LGBTQ Agenda: Federal court rules against dual anti-trans laws in Idaho
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A federal district court in Idaho ruled against an effort to make it illegal for transgender people in the state to change the gender marker on their birth certificates.
Meanwhile, a second federal judge issued an injunction on a law banning trans athletes from participating in student sports.
In the birth certificate case, F.V. v. Jeppesen, Judge Candy W. Dale of the United States District Court for the District of Idaho ruled August 7 that House Bill 509 — which was passed by the Idaho Legislature and signed into law by Governor Brad Little (R) — violates a 2018 ruling from the district court stating that the Idaho Department of Health and Welfare cannot deny trans people the right to change their name on their birth certificates.
Nora Huppert, a trans woman who is a Daniel H. Renberg Fellow with Lambda Legal Defense and Education Fund, made oral arguments in federal court on behalf of the plaintiffs June 22.
The 2018 injunction was the result of a separate legal action spearheaded by Lambda Legal, according to Huppert in an August 19 phone interview with the Bay Area Reporter.
"The previous policy categorically banned trans people from changing their birth certificate," Huppert said. "We won the injunction to require Idaho to have some sort of process for people to do that."
The basis for the injunction was the 14th Amendment to the U.S. Constitution, which guarantees equal protection of the laws to all people. The district court also found that other state justifications for preventing the gender marker-changes "just didn't make sense," Huppert said.
Idaho lawmakers tried to find a way to effectively go around the district court injunction.
"What HB 509 does is, it does two things," Huppert said. "First, it banned anyone from obtaining a change to their sex on their birth certificate unless they could prove fraud, duress — being threatened with a gun, or material misstatement of fact. It banned everyone — transgender and cisgender — and that obviously bans trans people categorically from obtaining a correction.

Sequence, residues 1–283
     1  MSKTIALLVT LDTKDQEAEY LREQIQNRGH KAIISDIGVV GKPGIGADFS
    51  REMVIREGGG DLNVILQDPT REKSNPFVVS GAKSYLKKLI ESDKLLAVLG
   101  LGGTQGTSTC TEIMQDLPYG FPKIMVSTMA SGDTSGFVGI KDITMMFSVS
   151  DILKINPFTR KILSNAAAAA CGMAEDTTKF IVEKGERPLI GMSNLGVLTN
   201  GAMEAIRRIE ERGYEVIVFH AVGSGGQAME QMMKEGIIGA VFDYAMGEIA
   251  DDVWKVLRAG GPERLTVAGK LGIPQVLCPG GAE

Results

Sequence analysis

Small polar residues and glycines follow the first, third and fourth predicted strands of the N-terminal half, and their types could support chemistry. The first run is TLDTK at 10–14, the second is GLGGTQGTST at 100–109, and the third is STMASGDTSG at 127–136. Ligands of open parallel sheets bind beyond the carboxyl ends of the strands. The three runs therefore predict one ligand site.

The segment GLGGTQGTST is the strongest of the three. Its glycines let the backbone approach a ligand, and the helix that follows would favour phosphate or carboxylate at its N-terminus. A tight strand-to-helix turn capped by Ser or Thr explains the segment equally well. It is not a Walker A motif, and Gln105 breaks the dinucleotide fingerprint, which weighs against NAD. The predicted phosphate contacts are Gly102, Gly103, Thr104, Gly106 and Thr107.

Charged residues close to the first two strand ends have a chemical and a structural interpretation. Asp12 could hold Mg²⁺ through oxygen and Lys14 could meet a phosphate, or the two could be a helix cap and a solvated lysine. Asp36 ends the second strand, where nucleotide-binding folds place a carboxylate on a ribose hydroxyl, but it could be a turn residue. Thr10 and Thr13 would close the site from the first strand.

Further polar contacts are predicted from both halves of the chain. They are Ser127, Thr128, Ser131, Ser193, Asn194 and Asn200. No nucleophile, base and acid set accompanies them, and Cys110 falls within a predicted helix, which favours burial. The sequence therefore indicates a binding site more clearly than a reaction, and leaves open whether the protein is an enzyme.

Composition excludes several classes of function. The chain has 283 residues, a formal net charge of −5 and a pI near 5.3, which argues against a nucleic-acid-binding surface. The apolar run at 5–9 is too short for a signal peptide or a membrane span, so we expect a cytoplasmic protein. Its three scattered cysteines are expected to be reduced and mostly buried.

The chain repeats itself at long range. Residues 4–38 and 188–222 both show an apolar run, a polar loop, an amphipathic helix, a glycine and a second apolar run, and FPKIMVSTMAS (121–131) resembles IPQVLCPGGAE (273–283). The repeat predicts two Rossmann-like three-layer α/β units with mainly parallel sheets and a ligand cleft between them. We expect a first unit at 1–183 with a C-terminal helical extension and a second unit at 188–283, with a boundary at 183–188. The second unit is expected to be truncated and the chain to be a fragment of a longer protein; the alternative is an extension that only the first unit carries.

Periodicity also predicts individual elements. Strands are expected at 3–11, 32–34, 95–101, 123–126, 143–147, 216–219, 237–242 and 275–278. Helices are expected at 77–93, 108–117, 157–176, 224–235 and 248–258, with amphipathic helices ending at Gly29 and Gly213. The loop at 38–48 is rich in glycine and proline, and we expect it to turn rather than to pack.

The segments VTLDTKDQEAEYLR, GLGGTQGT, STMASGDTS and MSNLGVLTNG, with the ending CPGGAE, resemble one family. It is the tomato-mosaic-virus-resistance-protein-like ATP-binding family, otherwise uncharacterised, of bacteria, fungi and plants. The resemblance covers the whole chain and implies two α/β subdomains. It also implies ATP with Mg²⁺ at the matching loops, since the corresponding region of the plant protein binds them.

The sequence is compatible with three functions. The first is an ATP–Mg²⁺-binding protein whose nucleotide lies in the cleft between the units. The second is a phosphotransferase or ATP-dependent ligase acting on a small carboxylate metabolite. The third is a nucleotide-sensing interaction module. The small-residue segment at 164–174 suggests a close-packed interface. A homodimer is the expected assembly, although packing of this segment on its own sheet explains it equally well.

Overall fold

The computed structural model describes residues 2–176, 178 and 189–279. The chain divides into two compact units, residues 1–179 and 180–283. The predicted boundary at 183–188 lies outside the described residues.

"It also defined the material fact that could be listed — sex — in a way that excludes trans people categorically from being able to obtain a correction," she added.
After HB 509 became law, the plaintiffs sued.
The judge called the state's reasoning in favor of the law "hollow."
"The hollow examples offered by [the Idaho Department of Health and Welfare] during the hearing on plaintiffs' motion do not apply to transgender individuals and, instead, only further demonstrate that no transgender individual can obtain the requisite court order," Dale ruled. "IDHW's examples each contemplate an individual seeking to reinstate the sex listed on their birth certificate to reflect their biological sex, which Idaho Code § 39-245A allows for. The examples, however, apply to cisgender individuals who identify with their biological sex, not transgender individuals, who identify with a gender different from their biological sex. Transgender individuals are, therefore, not encompassed in either of IDHW's examples."
"The statute is directly at odds with the clear intent and mandate of the Injunction places IDHW in a difficult predicament over how to comply," Dale went on to state. "However, neither the constitutionality of the statute or actions of any person or agency other than the IDHW are adjudicated here. The narrow question before the court that is decided today is whether IDHW's revised application form and instructions violate the injunction. For the reasons stated above, the court finds that they do."